Tuesday, August 01, 2006

Wheels coming off the wagon

So, you're familiar with the Laffer curve. This is the thesis that states:
  1. If no one was taxed, no revenues would be raised
  2. If taxes took everything, no one would bother to generate wealth, and no revenues would be raised
  3. We're between 0 and 100 % taxation
  4. Some tax revenues are raised
  5. Since we have two zeros with an non-zero number in between, the dependence of tax revenues on taxation is a parabola
  6. Since more than half of all economic wealth is absorbed into taxes, reducing taxes would increase revenues
Now, assertion (5) may seem blind-faithy to you. And assertion (6) might not sound true. But, JFK's reducing the top levels of income tax taxation below 91 % did precede an increase in tax revenue, which proves the point. Or, supports the point, which is the same as proving if you're lying and powerful.

But! Two kind of crazy otherwordly things happened, as reported in Slate.
  • Dick Cheney ordered a study to see how true this was
  • A report was released debunking the Laffer Curve nonsense
Now, these people had clearly learned their lesson with the global warming report and the State Department Patterns of Global Terrorism report. You can't just let these eggheads run away with the questions, as they'll come back and tell you you're wrong. Which they've done again!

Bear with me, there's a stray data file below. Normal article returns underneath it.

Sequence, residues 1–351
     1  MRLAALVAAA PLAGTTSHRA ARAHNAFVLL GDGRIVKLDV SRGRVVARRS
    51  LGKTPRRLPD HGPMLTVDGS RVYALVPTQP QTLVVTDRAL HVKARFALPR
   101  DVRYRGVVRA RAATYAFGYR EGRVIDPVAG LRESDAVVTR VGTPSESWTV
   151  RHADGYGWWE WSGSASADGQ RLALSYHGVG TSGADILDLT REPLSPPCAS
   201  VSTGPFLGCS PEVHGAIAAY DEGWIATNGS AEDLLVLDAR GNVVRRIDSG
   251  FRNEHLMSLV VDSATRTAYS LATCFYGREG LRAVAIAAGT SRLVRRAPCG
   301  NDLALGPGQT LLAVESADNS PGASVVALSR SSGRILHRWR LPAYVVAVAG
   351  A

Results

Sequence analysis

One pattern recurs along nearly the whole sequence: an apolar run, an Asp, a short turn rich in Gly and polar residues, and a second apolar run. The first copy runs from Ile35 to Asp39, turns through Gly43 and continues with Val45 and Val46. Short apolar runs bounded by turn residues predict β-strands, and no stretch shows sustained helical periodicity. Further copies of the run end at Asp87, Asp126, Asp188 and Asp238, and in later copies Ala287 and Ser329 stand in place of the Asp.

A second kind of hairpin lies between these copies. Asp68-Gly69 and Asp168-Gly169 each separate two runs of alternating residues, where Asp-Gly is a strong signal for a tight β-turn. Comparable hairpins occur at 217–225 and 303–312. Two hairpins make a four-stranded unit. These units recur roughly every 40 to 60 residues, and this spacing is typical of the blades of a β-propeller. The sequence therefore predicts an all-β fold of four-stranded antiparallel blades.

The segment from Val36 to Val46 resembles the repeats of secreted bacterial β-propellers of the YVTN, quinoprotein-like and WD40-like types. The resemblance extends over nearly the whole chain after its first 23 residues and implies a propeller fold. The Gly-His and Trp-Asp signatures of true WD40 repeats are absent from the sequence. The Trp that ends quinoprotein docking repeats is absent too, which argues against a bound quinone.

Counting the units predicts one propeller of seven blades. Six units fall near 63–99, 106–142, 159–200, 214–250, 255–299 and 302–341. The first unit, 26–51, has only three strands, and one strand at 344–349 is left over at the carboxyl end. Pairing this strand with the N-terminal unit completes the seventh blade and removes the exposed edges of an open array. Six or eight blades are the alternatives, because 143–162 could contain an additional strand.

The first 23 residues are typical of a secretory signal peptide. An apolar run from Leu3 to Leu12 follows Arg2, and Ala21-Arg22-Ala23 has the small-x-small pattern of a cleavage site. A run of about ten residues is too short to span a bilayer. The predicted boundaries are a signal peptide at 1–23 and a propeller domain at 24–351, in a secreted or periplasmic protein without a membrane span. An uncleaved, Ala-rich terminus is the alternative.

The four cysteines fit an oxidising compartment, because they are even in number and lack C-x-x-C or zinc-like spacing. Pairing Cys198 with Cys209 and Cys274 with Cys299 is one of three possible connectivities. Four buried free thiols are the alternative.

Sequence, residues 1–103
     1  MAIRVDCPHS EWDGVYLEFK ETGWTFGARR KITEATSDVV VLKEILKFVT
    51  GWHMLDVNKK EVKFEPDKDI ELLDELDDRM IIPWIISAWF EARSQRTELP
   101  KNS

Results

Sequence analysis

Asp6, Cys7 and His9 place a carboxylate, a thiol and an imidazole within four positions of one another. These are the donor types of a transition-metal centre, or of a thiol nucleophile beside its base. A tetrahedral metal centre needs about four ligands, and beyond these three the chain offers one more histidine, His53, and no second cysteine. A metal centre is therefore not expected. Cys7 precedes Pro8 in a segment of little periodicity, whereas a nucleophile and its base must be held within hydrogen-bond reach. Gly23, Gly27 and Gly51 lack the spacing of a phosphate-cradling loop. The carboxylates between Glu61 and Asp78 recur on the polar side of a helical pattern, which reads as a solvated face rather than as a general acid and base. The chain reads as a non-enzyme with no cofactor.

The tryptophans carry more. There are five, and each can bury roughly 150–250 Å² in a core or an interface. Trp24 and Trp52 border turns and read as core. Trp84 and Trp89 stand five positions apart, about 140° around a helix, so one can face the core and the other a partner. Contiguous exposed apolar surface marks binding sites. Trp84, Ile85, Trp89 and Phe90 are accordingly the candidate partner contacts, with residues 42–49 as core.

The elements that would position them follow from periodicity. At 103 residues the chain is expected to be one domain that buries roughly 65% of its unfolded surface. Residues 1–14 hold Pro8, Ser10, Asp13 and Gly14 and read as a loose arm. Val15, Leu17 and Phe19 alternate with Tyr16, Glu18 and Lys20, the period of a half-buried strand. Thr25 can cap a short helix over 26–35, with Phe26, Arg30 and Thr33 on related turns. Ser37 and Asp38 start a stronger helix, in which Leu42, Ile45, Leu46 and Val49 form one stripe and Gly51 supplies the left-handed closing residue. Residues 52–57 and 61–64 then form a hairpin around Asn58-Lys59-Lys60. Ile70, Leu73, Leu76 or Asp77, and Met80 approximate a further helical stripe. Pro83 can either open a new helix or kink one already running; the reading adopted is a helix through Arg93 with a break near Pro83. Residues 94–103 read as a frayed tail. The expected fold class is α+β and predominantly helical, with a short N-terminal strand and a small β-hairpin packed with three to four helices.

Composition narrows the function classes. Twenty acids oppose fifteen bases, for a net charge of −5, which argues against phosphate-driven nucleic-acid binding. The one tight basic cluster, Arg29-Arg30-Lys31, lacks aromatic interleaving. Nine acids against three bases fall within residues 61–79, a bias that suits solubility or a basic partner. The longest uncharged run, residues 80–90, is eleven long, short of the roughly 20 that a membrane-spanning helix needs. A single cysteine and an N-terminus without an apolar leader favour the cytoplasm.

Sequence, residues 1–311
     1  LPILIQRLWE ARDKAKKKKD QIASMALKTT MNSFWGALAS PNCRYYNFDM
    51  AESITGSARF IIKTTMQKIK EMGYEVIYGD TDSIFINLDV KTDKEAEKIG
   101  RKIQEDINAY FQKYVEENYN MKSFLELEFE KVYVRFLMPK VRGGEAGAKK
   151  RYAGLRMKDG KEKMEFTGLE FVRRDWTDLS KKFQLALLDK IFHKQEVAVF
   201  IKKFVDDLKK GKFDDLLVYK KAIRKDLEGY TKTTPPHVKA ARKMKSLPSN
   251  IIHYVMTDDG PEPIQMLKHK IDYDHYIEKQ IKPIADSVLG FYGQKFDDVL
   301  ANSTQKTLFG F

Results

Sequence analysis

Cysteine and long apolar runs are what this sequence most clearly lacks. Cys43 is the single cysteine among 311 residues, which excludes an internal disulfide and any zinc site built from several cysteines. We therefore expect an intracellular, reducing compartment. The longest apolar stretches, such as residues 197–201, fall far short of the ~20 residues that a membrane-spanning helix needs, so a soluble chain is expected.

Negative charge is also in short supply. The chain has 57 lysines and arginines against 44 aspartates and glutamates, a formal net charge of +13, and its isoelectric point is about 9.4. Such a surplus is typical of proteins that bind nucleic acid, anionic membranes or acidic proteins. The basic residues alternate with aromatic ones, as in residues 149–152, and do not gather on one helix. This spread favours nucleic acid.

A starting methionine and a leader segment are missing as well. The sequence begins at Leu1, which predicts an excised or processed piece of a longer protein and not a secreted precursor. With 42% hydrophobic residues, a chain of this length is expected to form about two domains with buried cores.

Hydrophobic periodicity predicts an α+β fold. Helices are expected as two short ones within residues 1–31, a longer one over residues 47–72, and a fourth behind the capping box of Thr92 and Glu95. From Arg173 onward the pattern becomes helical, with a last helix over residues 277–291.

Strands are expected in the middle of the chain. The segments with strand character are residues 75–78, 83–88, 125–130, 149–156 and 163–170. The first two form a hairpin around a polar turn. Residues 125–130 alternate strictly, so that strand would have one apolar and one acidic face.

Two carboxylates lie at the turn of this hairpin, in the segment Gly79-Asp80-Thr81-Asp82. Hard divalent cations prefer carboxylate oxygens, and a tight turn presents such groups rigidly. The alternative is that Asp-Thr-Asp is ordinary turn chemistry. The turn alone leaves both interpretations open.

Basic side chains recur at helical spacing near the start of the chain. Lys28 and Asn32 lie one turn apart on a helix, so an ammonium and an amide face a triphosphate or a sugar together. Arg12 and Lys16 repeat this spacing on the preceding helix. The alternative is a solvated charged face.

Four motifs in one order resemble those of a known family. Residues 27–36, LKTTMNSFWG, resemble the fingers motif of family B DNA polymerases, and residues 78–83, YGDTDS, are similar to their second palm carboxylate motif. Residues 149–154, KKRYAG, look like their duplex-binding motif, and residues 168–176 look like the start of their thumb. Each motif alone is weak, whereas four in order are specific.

Here you are. The introduction seems very line-toeing, but turns around into brutal irony the deeper you read.
Extending the remainder of the tax relief – the 10 percent rate, the expansion of the child tax credit, and the reduction in marriage penalties – stimulated economic activity during and immediately after the recession and served other purposes, such as making the tax code more progressive. However, these elements of the tax relief do not have positive growth effects in the longer term in ways that this type of model can measure.

Which is to say, tax cuts are only good for the rich.
Second, the initial steady state assumes that current law polices are fiscally sustainable.
If the revenue cost of that tax relief is offset by reducing future government spending, the increase in output is likely be about 0.7 percent under plausible assumptions. If, instead, the tax relief is extended only through the 14 end of the budget window (i.e., it is temporary), the tax relief would increase national output in the short run, but long-run output would decline as future tax rates increase.
Well, OK. But, if Mr.-Tax-Cut president can't get spending down with a friendly Congress, I think we'd best keep an eye on our revenues.

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